The Paris 2024 OCOG likes polls. It has never refrained from ordering them, to measure the support of the French for the Olympic project or, more recently, their perception of the mascot of the Games, the unexpected Phrygian cap.
But the last survey of opinion is not of those of which one displays proudly the results in the lobby. Carried out by Odoxa for Winamax and RTL, it is based on the most painful point, a little more than 500 days before the opening of the Olympic Games: the price of the tickets.
A strong tendency emerges from the consultation, carried out on March 1st and 2nd with a sample of 1 005 persons aged 18 years or more. Without the least surprise, it joins the very numerous testimonies of Internet users collected by the media, French and foreign, since the opening on February 15th of the first phase of the ticketing: the places are expensive, much too expensive for a growing number of applicants.
For more than eight French people out of ten questioned by Odoxa (82%), the tickets to attend the Olympic Games of Paris 2024 are not affordable. And they are almost as numerous (79%) to estimate that the procedure set up by the OCOG for this first phase, dedicated to the packs of three places, cruelly lacks simplicity.
In just two weeks, the promise of the OCOG of an Olympic event accessible to all has already been shattered. The famous tickets at 24 euros, to the number of one million according to the organizers (but of which almost half was reserved by the State within the framework of a ticketing solidarity), escaped to the immense majority of the first drawn to the lot. Instead, they discovered a price list far from their expectations, with the obligation to buy at least three tickets for different sessions.
The Associated Press cites the testimony of an English teacher based in Paris, who was drawn last week to access the sales platform. She explains that she had initially targeted three sports – BMX, water polo and soccer – to share the Olympic experience with her 9-year-old son. But two of them were already sold out.
There were still tickets available for the soccer tournament, at 50 euros, but she had to make up her package with two other disciplines. So far, nothing very unexpected. The rules were known in advance. The prices of the possible sessions were less known: 150 euros for basketball or handball, 230 euros for swimming, 690 euros for a qualifying session in athletics.
“Who can afford tickets at this price? she asks. I can’t. I really wanted to have tickets to the Olympics. I wanted my son to have this once-in-a-lifetime experience…in our city. But I’ve become disillusioned with the prices. It just doesn’t make sense.”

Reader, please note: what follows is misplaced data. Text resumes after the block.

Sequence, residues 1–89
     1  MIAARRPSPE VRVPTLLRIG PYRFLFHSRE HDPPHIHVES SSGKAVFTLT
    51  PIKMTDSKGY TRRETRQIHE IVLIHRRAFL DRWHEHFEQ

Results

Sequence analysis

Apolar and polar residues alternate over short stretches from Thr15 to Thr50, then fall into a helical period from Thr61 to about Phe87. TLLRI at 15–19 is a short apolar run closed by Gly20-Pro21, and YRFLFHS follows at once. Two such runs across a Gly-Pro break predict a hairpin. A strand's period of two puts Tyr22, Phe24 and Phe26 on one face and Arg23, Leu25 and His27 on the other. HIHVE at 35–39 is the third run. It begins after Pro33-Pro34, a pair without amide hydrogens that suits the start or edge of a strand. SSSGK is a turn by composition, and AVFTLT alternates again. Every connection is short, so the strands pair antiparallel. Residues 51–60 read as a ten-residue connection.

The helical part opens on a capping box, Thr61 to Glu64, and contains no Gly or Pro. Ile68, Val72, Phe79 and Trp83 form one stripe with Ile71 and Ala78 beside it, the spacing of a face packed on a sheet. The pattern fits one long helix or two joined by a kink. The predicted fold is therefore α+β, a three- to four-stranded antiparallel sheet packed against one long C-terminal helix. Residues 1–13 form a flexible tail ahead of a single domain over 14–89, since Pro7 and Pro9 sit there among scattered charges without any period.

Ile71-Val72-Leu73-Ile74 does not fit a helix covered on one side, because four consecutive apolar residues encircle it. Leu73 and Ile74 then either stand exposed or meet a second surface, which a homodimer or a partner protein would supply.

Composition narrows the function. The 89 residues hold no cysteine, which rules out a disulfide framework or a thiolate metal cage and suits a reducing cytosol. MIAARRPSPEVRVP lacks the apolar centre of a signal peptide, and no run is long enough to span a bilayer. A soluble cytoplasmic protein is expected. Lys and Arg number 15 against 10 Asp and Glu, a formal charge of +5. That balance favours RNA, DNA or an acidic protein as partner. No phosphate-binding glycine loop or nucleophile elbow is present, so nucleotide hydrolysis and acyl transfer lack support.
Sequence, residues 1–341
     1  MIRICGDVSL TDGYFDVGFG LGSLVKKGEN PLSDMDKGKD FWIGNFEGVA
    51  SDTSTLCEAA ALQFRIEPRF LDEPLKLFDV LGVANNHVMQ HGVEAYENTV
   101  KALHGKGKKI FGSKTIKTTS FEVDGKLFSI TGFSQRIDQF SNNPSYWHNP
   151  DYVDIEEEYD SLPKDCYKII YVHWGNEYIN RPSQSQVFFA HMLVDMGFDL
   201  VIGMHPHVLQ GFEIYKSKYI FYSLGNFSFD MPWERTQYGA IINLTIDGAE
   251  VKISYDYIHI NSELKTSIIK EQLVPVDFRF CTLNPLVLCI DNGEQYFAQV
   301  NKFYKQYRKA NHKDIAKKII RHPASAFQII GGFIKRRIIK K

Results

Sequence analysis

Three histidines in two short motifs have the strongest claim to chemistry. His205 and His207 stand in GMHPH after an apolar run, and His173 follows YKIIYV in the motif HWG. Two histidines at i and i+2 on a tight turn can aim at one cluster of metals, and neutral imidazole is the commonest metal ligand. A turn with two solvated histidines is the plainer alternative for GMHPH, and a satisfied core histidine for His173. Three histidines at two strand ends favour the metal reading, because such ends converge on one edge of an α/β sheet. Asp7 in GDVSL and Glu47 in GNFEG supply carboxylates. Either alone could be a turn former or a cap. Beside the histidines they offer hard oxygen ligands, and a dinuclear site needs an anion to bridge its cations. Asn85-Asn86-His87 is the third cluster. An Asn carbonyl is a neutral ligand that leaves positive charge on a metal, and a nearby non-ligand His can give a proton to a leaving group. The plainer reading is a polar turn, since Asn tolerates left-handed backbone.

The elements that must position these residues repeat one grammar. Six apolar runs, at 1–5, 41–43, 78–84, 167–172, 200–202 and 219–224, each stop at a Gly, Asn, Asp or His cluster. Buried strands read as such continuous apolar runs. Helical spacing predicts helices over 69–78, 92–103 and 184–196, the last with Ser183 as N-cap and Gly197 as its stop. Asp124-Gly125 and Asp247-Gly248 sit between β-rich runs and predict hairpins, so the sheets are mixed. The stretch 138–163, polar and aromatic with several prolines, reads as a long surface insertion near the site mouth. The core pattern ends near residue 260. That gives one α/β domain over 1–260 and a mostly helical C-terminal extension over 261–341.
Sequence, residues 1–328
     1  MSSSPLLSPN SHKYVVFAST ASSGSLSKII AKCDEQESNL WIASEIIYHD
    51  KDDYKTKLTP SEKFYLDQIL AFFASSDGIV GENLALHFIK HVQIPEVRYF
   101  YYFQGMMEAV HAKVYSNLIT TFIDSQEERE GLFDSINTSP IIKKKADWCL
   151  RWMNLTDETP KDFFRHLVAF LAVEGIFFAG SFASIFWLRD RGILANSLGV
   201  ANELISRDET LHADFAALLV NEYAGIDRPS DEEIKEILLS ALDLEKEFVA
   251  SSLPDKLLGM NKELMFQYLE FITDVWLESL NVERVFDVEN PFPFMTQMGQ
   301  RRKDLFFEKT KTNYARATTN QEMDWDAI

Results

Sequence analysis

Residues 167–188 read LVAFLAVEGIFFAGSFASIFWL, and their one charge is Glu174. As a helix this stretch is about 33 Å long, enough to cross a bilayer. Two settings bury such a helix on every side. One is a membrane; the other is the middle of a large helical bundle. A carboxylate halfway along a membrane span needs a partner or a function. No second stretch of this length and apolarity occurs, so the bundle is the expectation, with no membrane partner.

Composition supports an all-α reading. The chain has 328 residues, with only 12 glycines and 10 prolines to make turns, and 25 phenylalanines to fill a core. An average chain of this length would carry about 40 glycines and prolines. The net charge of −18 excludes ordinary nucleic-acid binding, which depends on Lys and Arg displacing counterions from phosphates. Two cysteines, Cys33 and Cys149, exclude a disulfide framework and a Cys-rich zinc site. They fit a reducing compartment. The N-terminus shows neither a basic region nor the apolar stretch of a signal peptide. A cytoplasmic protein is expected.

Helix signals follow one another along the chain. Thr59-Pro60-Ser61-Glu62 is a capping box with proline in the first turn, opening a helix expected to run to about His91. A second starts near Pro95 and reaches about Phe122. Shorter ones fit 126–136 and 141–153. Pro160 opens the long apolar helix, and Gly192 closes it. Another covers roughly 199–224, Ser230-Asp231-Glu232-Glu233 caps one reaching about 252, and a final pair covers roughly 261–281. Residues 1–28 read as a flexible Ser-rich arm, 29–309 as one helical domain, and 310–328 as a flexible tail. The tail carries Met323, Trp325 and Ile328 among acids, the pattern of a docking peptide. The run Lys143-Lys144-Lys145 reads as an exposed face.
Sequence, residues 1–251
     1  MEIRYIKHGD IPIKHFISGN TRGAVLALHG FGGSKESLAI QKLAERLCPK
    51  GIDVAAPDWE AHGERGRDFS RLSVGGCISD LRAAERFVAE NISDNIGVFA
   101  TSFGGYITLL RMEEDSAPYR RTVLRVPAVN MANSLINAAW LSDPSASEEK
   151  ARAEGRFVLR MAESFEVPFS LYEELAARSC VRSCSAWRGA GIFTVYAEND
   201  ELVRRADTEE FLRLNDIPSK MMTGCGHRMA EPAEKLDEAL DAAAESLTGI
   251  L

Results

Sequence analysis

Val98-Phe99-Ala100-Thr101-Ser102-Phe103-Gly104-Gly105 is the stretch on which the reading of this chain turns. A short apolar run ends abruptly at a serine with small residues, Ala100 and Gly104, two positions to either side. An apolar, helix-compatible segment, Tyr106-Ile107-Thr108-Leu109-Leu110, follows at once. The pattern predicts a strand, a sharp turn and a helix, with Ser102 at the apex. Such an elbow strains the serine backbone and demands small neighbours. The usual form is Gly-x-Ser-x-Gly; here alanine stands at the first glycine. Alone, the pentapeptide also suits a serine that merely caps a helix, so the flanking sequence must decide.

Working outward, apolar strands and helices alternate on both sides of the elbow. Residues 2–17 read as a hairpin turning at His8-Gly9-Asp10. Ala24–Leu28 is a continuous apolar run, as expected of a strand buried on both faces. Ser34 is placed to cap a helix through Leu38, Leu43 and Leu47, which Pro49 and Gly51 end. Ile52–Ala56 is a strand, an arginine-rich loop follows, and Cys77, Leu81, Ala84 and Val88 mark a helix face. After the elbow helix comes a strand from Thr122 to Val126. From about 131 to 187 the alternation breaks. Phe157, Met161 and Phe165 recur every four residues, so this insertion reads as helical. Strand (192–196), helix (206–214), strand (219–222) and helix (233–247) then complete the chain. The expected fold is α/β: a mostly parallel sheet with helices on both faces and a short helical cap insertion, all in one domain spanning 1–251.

She gave up and closed her computer without completing her purchase. She is not the only one.
Will the next phases of ticketing reverse the trend? The OCOG hopes so. The second stage, also preceded by a draw – opened on March 15 – is scheduled to begin on May 11. It will concern single tickets.
This time, there is no risk of running into a complex procedure. And there is no need to put together a three-pack, with the feeling of having to buy two for unwanted sessions to ensure one for a sport of one’s choice.
But the prices are expected to be at least as dissuasive as for the first phase. The OCOG has never hidden that the most coveted places – finals of athletics, swimming, some team sports, but also the ceremonies – would not be offered in the packs, but only during the sale of the unit. But, very cautious in its communication, it did not reveal the price list of these sessions potentially the most requested.
It promises to be spectacular. It is difficult to imagine “accessible” seats for an athletics evening at the Stade de France when it costs more than 100 euros for a seat at the top of the stands during a session without any finals. It is also difficult to hope to live the “spectator experience” of a decisive match in a collective sport, knowing that it costs 130 euros for a single match of the preliminary phase of the women’s volleyball tournament.
Predictable consequence: the wave of discontent which does not cease rising in the opinion since the opening of the ticket office affects the image of the Games. With a little more than 500 days, it remains mostly positive. The poll published on Sunday, March 5 reveals that, for 69% of the French, the organization in Paris of the Olympic and Paralympic appointment is “a good thing“. But this result marks a decline of five points compared to October 2021.
For the rest, the survey shows a definite expectation of the French for the opening ceremony on the Seine, approved by 61% of respondents (+8 points compared to October 2022), and the idea shared by the majority (64%) that the Paris 2024 Games will create economic opportunities for France and the French.
But, bad point for the COJO, they are also a strong majority (64%) not to have confidence in the organizers to control the cost of the event and present in the end a balanced budget.